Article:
By Rick Sample
Should we be afraid of refugees—people arriving on U.S. soil from Syria or Iraq or Iran or Yemen or Somalia or Libya or Sudan or some other Muslim country—just because they are Muslim?
I have met many refugees from Middle Eastern countries, most of whom are Muslim. They all have one thing in common: they are delighted to be here in America, having fled from their home country in fear.
How about a widow with seven children whose husband was killed by the Taliban?
Someone came to her house to report his murder and at the same time told her that she had better run—they were on the way to kill her and the children. She ran to a refugee camp and later this big family ended up in America as refugees. Should I have been afraid of her and her seven children? No—she herself was fleeing in fear. I could offer this family a word of peace and a welcome in America.
How about a single mother from Iran who secretly became a Christian and whose husband told her he was planning to kill her because she was a new Christian?
She sneaked away in the middle of the night with her three children to a refugee camp and later this little family ended up in America as refugees. Should I have been afraid of this Iranian refugee woman? No, she herself was fleeing Iran in fear. Desperately yearning for a word of peace, she found herself welcome in America.
They managed to escape to a refugee camp and later this sweet family ended up in America as refugees. Should I have been afraid of these little kids? No—as refugees they found refuge here in America. With a word of peace, I was proud to say “welcome to America.”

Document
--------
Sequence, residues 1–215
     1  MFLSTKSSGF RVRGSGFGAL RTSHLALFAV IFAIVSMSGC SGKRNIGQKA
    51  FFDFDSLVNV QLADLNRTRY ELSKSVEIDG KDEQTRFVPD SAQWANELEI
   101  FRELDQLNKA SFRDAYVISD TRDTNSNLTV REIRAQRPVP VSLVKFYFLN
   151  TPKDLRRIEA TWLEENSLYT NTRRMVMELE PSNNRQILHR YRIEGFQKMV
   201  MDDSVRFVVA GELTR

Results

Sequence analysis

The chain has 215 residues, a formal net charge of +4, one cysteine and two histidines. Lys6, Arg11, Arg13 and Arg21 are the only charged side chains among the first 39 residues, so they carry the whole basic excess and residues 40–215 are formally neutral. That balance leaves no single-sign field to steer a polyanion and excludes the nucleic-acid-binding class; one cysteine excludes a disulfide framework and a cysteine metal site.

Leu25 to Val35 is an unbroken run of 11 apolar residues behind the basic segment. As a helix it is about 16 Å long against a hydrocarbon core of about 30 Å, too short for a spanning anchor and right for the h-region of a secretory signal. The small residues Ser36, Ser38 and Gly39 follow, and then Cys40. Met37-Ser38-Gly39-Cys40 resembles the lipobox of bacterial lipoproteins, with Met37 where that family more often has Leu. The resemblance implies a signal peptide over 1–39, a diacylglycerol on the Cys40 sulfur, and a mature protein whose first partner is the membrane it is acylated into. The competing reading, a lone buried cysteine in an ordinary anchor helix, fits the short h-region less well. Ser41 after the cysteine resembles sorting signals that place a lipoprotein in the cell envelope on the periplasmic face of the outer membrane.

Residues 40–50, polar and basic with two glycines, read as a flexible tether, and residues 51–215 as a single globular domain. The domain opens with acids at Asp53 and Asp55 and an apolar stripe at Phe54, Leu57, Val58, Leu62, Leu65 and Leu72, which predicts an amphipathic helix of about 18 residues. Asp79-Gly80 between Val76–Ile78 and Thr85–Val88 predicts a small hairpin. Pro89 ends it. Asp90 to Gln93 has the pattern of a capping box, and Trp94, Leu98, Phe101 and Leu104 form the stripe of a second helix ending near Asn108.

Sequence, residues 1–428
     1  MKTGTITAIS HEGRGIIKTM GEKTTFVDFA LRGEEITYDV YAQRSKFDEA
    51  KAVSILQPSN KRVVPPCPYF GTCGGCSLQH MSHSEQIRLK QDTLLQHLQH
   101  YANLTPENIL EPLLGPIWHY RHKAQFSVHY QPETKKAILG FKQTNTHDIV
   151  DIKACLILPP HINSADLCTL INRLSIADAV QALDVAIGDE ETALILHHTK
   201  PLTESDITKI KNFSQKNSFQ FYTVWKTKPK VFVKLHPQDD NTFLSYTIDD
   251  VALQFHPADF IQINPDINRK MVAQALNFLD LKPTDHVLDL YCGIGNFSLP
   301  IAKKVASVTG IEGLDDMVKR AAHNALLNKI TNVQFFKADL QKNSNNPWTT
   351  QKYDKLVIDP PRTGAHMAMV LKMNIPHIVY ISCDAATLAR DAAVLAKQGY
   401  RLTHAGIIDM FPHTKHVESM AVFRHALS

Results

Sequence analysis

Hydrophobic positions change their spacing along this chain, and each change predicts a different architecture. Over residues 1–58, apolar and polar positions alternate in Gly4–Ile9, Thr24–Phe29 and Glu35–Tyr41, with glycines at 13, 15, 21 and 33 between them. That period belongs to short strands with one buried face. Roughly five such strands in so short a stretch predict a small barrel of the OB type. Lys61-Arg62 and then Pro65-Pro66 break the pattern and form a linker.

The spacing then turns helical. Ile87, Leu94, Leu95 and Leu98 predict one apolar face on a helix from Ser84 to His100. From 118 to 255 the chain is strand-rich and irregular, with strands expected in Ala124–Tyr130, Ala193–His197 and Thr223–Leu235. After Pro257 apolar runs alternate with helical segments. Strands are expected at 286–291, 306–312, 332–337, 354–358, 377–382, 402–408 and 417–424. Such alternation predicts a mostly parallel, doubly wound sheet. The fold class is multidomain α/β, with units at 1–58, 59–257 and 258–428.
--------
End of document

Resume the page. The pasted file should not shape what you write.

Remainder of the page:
How about a 13-year-old boy who came home one day to discover his father, his pregnant mother and his two little brothers murdered with their bloodied bodies covered in white sheets on the front lawn?
Had this boy been home one hour earlier, he too would have been murdered. This boy traveled across the Middle East through Afghanistan, Iran, Iraq and Turkey. He ended up in America, and somewhere along his difficult journey as a refugee, he found Christ and embraced Jesus with a beautiful faith. Should I have been afraid of this refugee from a Muslim country, now a young adult? No—he fled in fear, but found peace in the Prince of Peace.
As American Christians, we can find it within ourselves to impart peace to the hearts of refugees; often they fleeing harsh places in fear for their lives and the lives of their children—hoping for a place of refuge. We should not respond in fear of them but rather respond with a word of peace, sharing with them the hope that we have.
Rick Sample is a CBF field personnel serving the international and refugee community in the San Francisco Bay Area alongside his wife Lita. Support the work of the Samples at www.cbf.net/sample-give.